Justice Sonia Sotomayor’s dissent in the travel ban case railed against what she said was hypocrisy by the five justices who voted to uphold President Donald Trump’s executive order June 26.
The court’s conservative justices June 4 reversed a finding by the Colorado Civil Rights Commission because some of its members had shown hostility toward religion. But the same five justices turned a blind eye to Trump’s “hostility and animus toward the Muslim faith,” Sotomayor said, in an opinion joined by Justice Ruth Bader Ginsbrug.
There are some distinctions that give the majority some cover, Douglas Laycock, a religious liberty professor at the University of Virginia School of Law, Charlottsville, Va., told Bloomberg Law.
“But the bottom line is that the five conservatives who condemned Colorado for bigoted statements against conservative Christians were just fine with the President’s more numerous bigoted statements against Muslims,” Laycock said. “And Justice Sotomayor called them out on it.”
On the other hand, there’s a world of difference between anti-religious statements made by the president, acting with broad authority in the immigration and national security field, and what amounts to basically a local judge who was shown to treat individuals dissimilarly based on their beliefs regarding same-sex marriage, Kristen K. Waggoner, of Alliance Defending Freedom, who argued on behalf of the baker in Masterpiece Cakeshop, told Bloomberg Law.
Not Good for Gander
In Masterpiece Cakeshop, a 7-2 Supreme Court reversed a Colorado Civil Rights Commission’s holding that a baker who refused to make a cake for the wedding of a same-sex couple had violated the state’s anti-discrimination law. Sotomayor and Ginsburg were the court’s sole dissenters.
The court in Masterpiece Cakeshop “declared that even ‘subtle departures from neutrality’ on matters of religion are strictly forbidden,” Richard B. Katskee, of Americans United for Separation of Church and State, Washington, told Bloomberg Law. But nothing “about Trump’s Muslim Ban is subtle,” Katskee said.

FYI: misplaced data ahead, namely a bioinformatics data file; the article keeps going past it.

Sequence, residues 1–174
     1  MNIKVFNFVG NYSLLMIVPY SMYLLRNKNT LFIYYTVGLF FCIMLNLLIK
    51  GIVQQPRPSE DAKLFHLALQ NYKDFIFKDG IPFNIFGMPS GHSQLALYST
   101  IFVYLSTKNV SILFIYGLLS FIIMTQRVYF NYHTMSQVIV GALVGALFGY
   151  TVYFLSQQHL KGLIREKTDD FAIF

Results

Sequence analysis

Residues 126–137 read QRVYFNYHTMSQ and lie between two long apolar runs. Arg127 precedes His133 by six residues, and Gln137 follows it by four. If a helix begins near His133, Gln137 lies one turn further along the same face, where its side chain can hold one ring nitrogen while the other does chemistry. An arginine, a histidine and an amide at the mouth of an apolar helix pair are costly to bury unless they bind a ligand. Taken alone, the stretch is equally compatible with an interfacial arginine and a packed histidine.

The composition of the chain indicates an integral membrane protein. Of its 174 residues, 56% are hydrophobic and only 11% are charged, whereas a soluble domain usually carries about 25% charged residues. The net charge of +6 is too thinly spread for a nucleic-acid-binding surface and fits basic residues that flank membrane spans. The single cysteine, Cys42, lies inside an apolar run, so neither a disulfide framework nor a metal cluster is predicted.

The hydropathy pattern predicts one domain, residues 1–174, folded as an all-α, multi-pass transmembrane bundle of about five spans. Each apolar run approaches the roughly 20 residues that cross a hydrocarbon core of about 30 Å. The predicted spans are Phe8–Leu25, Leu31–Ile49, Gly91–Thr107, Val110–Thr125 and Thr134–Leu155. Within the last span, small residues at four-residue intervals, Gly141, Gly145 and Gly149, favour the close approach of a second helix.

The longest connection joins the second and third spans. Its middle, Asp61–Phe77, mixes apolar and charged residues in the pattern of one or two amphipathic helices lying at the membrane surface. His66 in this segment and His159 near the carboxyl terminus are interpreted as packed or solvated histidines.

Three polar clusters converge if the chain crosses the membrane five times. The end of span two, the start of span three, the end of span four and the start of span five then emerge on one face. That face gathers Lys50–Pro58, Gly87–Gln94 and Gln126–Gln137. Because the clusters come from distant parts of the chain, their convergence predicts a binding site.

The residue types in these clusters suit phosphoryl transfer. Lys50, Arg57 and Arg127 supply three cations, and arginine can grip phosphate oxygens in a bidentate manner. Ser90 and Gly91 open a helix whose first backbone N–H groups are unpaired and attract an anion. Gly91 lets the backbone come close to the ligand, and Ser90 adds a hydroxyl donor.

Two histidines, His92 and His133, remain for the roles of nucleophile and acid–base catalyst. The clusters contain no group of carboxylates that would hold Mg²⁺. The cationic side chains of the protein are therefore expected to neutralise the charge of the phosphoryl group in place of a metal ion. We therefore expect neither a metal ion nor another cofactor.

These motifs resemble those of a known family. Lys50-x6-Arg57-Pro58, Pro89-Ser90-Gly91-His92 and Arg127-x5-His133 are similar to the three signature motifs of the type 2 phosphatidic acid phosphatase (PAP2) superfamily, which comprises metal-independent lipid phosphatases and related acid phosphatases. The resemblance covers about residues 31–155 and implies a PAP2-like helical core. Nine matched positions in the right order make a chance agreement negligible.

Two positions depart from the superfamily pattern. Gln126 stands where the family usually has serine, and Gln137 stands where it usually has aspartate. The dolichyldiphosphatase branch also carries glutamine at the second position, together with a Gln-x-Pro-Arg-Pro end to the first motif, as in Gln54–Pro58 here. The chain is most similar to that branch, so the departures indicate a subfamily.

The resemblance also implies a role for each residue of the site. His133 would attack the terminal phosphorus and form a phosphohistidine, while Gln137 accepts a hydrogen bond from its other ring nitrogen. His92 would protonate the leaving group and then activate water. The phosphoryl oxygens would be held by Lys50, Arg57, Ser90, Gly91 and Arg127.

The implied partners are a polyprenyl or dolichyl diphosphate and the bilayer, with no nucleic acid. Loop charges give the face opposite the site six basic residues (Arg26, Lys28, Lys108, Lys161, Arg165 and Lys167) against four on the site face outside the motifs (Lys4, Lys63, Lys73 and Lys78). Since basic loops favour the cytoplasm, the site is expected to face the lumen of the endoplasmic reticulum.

Therefore, the majority in the travel ban case should have applied that same principle to the president’s immigration policy, Brianne Gorod, of the Constitutional Accountability Center, Washington, told Bloomberg Law.
“In both instances, the question is whether a government actor exhibited tolerance and neutrality in reaching a decision that affects individuals’ fundamental religious freedom,” Sotomayor said.
But “apparently what’s good for the goose isn’t good for the gander,” Gorod said.
Though “the Court’s majority gave great weight to comments from the Colorado Civil Rights Commissioner in Masterpiece, the very same Justices assigned virtually no significance to President Trump’s repeated statements that made clear the anti-Muslim animus that underlies the ban,” Gorod said.
There are some distinctions that the majority can point to to explain this apparent inconsistency, Laycock said.
The court has traditionally given the president “a lot of deference in the immigration context,” he said. So “that also makes the cases different.”
Specifically, the majority said that, “For more than a century, this Court has recognized that the admission and exclusion of foreign nationals is a ‘fundamental sovereign attribute exercised by the Government’s political departments largely immune from judicial control.’”
The different roles the president and the commission played in their respective cases could also provide a viable distinction, Laycock said.
“Members of the Court have disagreed on the question whether statements made by lawmakers may properly be taken into account in determining whether a law intentionally discriminates on the basis of religion,” Justice Anthony M. Kennedy wrote for the court’s majority in Masterpiece Cakeshop. In Masterpiece Cakeshop, “however, the remarks were made in a very different context—by an adjudicatory body deciding a particular case,” Kennedy said.
Finally, the travel ban case was an establishment clause challenge, whereas Masterpiece Cakeshop involved the free exercise clause, Waggoner said. The court has traditionally analyzed those clauses differently, she said.
But though that reasoning might support a distinction, it’s not one that the court’s majority made in the travel ban case.
Despite engaging with Sotomayor’s criticisms regarding the similarities between the travel ban and the court’s notorious ruling allowing Japanese internment during World War II, the majority didn’t even cite to Masterpiece Cakeshop.
“What’s perhaps most stunning is not the hypocrisy, but the Court’s unwillingness to even acknowledge the tension between the opinion it issued today and the one it issued just weeks ago,” Gorod said.